A patient is standing in the middle of the river. He gazes across the water to the city and the mountain above where the sun is setting.
His back is turned to the hospital. The nurses are waiting for him patiently on the river bank.
He seems uncertain whether to cross the river or to return.
There is no danger. He is on the edge, in an in-between space, as is the hospital where I have worked as a specialist psychiatrist for over twenty-five years.
For many of us, mental illness is shrouded in mystery, and our understanding of it largely influenced by misrepresentations in the media is often founded upon misconceptions and fear.
In Madness: Stories of uncertainty and hope, Dr Sean Baumann, who has spent 25 years as a psychiatrist at Valkenberg Hospital in Cape Town, lifts the veil on madness, arguing for a more nuanced and empathetic understanding of mental illness.
In this book, Baumann tells the stories of his patients and draws on his experiences working in the South African public health sector.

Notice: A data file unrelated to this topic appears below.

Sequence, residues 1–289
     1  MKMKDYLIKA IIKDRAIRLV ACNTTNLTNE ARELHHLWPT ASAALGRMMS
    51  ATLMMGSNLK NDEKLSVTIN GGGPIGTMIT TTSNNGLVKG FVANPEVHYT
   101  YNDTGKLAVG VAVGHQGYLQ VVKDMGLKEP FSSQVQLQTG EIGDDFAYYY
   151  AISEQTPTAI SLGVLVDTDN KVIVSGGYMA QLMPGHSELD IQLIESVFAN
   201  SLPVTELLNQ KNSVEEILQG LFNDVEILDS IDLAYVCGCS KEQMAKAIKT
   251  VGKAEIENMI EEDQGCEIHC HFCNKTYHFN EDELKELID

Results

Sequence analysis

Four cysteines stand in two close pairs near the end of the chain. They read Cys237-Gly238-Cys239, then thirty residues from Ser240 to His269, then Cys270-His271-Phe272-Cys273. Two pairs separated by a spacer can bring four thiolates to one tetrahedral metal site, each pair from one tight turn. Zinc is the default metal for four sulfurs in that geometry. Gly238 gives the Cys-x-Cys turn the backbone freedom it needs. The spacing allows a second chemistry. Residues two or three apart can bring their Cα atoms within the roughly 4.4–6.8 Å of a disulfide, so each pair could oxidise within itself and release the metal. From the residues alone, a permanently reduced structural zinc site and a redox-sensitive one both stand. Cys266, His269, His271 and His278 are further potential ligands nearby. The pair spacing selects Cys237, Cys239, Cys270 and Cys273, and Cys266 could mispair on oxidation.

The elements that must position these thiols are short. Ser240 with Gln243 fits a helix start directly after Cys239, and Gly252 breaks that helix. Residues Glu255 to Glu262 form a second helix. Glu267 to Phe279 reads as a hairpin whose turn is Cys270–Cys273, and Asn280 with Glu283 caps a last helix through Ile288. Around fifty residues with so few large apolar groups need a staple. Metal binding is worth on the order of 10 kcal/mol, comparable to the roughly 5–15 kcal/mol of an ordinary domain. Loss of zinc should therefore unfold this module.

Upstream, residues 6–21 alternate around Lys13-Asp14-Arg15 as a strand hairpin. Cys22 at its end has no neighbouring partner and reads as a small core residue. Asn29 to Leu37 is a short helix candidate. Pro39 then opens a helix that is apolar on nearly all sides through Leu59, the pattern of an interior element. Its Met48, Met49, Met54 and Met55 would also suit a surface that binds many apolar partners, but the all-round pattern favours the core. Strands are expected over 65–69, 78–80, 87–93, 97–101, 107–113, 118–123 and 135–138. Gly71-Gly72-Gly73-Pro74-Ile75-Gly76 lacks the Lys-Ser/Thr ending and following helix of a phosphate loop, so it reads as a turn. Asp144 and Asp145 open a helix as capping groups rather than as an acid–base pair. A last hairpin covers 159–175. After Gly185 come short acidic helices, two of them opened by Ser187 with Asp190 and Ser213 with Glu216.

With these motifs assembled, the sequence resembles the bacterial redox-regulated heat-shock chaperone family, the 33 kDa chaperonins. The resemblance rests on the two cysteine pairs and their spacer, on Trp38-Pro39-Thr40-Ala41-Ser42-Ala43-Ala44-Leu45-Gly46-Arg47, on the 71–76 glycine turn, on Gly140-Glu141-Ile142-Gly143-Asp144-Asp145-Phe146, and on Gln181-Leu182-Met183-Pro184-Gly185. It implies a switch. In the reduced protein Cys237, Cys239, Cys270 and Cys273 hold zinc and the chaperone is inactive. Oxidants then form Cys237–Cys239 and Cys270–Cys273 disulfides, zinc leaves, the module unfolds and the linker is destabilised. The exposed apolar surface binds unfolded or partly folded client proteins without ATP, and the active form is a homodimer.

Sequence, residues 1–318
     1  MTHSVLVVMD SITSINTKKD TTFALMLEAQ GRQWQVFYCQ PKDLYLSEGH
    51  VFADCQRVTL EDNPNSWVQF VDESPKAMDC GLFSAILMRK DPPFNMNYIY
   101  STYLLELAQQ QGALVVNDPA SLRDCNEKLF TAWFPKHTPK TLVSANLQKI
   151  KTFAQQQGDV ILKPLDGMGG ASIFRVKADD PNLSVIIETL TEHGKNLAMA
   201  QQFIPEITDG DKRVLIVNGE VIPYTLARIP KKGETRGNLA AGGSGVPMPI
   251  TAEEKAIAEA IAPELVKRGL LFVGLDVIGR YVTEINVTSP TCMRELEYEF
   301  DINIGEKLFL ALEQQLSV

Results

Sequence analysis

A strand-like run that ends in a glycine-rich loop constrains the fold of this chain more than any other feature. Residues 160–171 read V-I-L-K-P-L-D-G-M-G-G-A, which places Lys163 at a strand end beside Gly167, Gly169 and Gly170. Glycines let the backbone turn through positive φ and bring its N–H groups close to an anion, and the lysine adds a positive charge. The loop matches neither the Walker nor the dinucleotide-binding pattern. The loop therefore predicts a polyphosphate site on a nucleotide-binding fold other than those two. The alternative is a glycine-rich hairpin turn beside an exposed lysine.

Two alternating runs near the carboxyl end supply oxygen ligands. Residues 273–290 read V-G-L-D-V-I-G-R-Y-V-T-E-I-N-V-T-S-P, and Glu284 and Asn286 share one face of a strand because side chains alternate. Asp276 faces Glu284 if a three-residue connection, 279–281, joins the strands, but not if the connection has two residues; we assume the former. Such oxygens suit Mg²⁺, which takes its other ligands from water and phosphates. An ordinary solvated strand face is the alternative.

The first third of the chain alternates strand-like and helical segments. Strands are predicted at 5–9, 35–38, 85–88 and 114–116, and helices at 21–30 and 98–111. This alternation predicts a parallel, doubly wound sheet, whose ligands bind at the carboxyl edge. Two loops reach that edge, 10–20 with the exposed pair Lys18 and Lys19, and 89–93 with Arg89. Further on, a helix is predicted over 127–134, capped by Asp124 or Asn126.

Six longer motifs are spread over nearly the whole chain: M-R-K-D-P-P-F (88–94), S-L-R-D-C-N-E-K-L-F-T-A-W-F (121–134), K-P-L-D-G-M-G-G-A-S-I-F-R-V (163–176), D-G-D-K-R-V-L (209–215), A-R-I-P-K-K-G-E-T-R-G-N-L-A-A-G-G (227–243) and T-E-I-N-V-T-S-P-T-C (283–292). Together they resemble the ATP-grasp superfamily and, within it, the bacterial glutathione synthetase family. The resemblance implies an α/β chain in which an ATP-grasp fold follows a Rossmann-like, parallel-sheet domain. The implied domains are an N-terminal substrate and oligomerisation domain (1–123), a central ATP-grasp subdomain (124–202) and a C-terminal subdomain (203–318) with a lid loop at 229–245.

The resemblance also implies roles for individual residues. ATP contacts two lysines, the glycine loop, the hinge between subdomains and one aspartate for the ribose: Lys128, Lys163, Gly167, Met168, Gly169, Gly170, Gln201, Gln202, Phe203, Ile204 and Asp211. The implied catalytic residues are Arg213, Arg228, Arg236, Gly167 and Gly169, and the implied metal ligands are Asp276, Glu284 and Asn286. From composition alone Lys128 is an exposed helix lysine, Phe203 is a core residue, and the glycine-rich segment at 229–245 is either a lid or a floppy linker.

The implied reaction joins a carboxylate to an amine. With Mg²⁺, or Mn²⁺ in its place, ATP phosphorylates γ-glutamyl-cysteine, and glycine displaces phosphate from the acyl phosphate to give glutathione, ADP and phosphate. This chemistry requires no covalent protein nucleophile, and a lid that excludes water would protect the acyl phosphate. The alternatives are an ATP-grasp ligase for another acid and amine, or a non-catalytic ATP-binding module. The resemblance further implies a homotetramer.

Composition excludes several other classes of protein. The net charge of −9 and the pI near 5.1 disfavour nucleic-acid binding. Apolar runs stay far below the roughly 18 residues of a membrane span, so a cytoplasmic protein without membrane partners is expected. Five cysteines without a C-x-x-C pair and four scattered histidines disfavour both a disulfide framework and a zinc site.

Based on the authors personal encounters and interviews with persons dealing with various forms of psychoses, this book uncovers what it really means to suffer from, amongst others, schizophrenia, depression and bipolar disorder.
We meet a man whose shoes can transport him to the moon, an elderly, aristocratic couple, and a young man who, one day, goes into labour without warning.
But there are also the first-hand accounts of people plagued by unknown enemies frightful external forces which control their every move and thought.
Madness encourages a more inclusive way of making sense of mental health.
Writing with sensitivity and empathy, Bauman draws on topics such as art, psychology, consciousness, free will and theories of the self to show that mental illness raises questions that affect us all especially the meanings we attach to being who we are.